That was a lot of boring stuff, wasn't it? I'll add a warning at the top.

Life is exciting. Live it up, no regrets. Haha, do not misunderstand me, that means "don't do anything you will regret" as well as "don't leave out anything you will regret not doing," so I am not going to do stupid stuff here under the guise of "no regrets." Have a great day :D


  1. Okay, I will admit I didn't read alll of it...
    but I read most of it!!!

    Matt, I think what would eliminate the warning of boring text, or at least liven it up... would be PICTURES! YAYAYAYAYAY

  2. You should check out Josephus. He was a Jewish historian that preserved a lot of these events in the history he kept. I will warn you that Brother Merrill's copy was a big book, lots of pages, and some of the tiniest print I've ever seen--but if you're willing to make the investment, I'm sure the return will be great, as you've already seen from the Holy Land itself.

    I'm so glad you've decided to keep a blog about your time in Jerusalem. Do you plan on taking any pictures? Definitely keep us updated :)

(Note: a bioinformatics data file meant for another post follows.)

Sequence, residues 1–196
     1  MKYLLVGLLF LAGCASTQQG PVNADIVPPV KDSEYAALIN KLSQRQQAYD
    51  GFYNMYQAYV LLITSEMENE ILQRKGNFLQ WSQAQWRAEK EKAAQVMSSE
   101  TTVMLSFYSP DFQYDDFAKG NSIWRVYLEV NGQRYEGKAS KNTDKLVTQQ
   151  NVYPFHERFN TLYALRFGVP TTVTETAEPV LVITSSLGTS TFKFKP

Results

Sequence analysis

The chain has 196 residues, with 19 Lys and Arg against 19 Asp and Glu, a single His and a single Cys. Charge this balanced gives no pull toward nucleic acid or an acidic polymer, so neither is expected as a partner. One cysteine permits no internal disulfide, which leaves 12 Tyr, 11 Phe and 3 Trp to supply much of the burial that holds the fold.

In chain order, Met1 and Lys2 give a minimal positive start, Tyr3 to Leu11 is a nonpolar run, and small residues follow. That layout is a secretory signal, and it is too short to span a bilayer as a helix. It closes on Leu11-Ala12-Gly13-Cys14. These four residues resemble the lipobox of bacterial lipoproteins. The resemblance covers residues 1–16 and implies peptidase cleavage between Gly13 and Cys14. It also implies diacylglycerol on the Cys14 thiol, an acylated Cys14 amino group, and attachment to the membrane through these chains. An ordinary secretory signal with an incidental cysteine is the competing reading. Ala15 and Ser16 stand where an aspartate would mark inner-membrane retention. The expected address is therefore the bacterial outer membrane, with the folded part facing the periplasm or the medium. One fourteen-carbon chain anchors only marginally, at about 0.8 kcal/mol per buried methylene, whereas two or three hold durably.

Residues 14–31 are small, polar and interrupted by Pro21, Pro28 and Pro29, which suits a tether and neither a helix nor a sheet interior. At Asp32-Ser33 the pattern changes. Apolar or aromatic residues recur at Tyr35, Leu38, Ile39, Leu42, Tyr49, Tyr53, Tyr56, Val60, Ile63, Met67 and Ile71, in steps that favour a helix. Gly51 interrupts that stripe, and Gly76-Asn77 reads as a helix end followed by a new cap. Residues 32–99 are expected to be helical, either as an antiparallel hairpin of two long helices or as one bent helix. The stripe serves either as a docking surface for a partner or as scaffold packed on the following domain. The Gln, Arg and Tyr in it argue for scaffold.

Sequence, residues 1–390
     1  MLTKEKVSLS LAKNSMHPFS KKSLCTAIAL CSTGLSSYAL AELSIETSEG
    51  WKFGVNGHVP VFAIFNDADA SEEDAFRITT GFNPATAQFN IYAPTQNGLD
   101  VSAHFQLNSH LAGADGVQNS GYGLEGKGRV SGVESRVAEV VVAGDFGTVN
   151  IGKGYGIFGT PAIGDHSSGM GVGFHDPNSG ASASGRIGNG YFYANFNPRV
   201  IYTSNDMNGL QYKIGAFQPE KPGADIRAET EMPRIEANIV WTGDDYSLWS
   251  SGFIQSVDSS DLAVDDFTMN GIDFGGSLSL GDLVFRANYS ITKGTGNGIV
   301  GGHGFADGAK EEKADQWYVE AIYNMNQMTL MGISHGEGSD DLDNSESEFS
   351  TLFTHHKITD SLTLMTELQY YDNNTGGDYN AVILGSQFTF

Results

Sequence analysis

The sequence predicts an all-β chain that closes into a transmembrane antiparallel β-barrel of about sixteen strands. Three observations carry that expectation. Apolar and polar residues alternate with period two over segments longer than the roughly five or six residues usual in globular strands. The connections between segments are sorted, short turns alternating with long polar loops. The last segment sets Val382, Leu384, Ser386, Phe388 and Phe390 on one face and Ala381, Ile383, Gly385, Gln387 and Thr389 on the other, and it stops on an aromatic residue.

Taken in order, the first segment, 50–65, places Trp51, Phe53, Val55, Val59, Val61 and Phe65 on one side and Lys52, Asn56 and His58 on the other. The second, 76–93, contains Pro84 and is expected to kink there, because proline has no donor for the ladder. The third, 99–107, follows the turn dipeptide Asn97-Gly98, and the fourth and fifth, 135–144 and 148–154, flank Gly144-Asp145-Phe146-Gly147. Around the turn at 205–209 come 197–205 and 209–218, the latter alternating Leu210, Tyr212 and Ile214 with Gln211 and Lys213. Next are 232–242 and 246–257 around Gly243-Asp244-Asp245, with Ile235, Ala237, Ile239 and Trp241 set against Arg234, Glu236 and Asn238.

3. Matt, you're so cool.

    I miss you telling me to have a good day!!! But I'm glad you're having lots of fun. :)

    Take care! And keep writing :)

  4. Haha, I would LOVE to add some of the pictures I have been taking (and videos, thosea are the best, because I can add live commentary) but the internet bandwidth at the center is very small and the staff here asked us not to transmit pictures or videos for fear of crashing "the system." Which is sad, because many are really amazing. I'll add them as I can

    I took a look at Josephus once a long time ago, but I was young and naive and it was boring, so I gave up. I'll revisit it. Sooo . . . who are you, Paradox?

    Thanks so much, Emma :D Have a great day:)

  5. Are these pictures going to be up before the middle of July, or will I have to wait two years to see them?

  6. Fascinating. We must be related, I didn't find it boring. In fact it seems right up my alley. Dad used to tell us stories about the scrolls and other records that had been found. You are a good story teller!

  7. Hmm . . . I can post pictures if I use the wireless at Hebrew University next door. I'll try to get over there at some point, but alas, studies call. Two midterms this week, WHOO!